If I'm correct, Leone was Catholic, right? I've noticed some very direct Biblical references in his movies, and when Tuco said "Even when Judas hung himself there was a storm..." and when he said that I remembered Cheyenne's quote in OUATITW "Judas was content for 4970 dollars less." and of course the Jesus and Marisol reference in FOD is obvious.

Leone is the master of subtlety! I think it's amazing how he's able to put little things irrelevant ot the plot in his movies yet they make the movies even more better because they're there, kind of like the way he always has stuff going on outside of windows that have nothing to do with what's going on in the room the camera is in, like the scenes at the Union camp.

Has anyone else here ever noticed things that run through a movie or trilogy(Or all six movies) that just very subtle but are fun to find?

General Discussion / Funniest moments in a Leone film?
« on: March 10, 2005, 05:27:10 PM »
For a guy who could make some of the most violent, gritty or saddest scenes in movie history, some scenes made me laugh my ass off and rewind it over and over again, and sometimes I don't even think they were intentionally funny.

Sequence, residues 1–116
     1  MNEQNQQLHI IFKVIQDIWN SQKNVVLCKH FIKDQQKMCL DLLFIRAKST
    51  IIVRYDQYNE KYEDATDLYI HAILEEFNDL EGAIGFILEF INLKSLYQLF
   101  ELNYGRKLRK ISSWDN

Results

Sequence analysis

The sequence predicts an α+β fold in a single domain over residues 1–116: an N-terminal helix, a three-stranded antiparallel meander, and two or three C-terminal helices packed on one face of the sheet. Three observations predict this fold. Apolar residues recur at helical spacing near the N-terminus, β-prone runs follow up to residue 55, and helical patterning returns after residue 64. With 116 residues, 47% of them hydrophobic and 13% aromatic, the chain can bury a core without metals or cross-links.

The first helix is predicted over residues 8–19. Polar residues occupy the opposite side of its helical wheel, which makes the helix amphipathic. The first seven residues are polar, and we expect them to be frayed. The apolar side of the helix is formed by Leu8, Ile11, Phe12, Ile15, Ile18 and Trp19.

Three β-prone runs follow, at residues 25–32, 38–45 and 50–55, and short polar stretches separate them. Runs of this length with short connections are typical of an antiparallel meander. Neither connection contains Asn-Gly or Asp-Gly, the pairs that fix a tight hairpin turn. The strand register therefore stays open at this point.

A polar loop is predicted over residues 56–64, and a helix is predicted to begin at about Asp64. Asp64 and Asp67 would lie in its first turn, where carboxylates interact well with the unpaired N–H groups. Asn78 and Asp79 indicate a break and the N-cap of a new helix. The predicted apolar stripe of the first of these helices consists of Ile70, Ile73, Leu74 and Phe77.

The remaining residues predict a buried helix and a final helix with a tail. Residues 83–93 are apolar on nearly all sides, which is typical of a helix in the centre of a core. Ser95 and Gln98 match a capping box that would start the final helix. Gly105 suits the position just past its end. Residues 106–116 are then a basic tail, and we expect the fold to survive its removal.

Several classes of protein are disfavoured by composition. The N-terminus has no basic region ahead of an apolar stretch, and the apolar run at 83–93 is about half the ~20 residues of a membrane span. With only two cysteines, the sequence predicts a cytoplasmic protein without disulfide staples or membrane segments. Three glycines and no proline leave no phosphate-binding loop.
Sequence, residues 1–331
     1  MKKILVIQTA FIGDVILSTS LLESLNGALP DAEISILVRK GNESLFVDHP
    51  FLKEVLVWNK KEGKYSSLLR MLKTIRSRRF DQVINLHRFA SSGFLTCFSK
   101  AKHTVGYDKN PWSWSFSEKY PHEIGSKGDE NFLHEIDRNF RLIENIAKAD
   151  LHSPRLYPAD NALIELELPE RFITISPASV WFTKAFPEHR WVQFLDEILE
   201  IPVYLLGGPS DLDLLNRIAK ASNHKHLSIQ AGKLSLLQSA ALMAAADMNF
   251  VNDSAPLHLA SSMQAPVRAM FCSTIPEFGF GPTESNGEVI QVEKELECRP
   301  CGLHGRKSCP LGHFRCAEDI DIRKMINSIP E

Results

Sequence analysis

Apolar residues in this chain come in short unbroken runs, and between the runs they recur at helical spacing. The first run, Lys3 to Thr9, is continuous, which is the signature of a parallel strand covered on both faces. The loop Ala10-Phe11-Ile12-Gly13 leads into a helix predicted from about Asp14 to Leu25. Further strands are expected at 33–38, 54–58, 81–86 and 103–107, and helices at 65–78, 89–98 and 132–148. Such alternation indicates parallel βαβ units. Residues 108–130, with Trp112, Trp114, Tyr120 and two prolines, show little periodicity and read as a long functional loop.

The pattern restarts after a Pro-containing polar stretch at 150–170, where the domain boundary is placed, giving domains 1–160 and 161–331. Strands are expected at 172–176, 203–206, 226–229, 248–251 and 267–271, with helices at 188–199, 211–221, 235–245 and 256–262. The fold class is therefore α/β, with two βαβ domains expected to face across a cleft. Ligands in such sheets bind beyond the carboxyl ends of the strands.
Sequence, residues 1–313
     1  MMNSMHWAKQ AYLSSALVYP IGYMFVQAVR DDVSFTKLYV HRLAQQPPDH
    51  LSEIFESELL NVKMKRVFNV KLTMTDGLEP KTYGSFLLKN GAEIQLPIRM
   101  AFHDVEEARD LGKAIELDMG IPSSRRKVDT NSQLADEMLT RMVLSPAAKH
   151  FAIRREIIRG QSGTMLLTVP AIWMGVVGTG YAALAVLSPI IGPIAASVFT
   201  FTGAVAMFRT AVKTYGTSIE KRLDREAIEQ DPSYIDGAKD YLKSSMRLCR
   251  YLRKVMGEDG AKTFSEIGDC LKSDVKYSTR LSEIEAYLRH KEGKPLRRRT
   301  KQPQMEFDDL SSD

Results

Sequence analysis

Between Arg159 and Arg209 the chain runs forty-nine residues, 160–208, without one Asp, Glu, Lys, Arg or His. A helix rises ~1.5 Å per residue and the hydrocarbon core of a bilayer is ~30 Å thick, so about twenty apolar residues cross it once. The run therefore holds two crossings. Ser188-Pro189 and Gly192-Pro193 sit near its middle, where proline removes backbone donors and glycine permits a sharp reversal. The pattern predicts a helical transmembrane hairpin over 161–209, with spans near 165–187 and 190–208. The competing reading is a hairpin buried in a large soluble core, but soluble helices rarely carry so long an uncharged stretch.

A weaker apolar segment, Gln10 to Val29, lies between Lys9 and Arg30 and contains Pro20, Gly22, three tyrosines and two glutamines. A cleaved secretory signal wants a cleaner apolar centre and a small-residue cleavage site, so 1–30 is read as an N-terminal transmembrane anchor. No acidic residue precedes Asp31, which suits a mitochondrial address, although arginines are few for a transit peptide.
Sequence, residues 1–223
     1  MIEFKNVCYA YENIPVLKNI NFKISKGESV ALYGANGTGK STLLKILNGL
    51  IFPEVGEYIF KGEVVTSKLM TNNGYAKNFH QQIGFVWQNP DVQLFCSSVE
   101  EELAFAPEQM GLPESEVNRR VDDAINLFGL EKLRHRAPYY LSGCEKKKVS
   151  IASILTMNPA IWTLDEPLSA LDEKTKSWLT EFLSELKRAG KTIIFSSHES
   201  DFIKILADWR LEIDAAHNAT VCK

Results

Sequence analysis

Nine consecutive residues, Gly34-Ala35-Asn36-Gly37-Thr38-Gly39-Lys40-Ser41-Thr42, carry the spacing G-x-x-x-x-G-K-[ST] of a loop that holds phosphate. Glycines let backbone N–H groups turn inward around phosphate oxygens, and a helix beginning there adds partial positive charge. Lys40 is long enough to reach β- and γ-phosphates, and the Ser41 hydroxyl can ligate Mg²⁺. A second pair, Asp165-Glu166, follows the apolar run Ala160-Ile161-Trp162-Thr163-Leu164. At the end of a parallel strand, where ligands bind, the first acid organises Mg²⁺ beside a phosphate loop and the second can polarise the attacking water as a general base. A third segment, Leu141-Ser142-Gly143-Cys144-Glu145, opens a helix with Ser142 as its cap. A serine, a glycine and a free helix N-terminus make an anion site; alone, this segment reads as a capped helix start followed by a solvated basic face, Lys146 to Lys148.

-The scene where one of Cheyenne's(Or is it Frank's?) men squishes the guy's nose during the auction in the salloon.
-The horse mouthing Clint's lines when Manco and Mortimer meet up before the Col. gives Manco the scar
-The old man in FFDM who bends his chin(!!!)

And of course almost everything Tuco says when Blondie first turns him in ;D

I was thinking - Since Leone is one of the greatest and most accurate cinema storytellers of America's west and L'Amour is one of the greatest literary storytellers of America's west, we would have had one hell of a movie if Leone decided to adapt one of L'Amours novels to the big screen :o

Now, let's say that after DYS Leone decided to do a standalone "film on the side" outside of his Once Upon a Time trilogy and he had a big stack of L'Amour novels to go through. Which one do you think he would've turned into a movie? I think The First Fast Draw would've been a kick ass Leone movie. Very gritty, a very "Harmonica"-type character. With some Leone-ish changes put into it, it would've been one hell of a movie.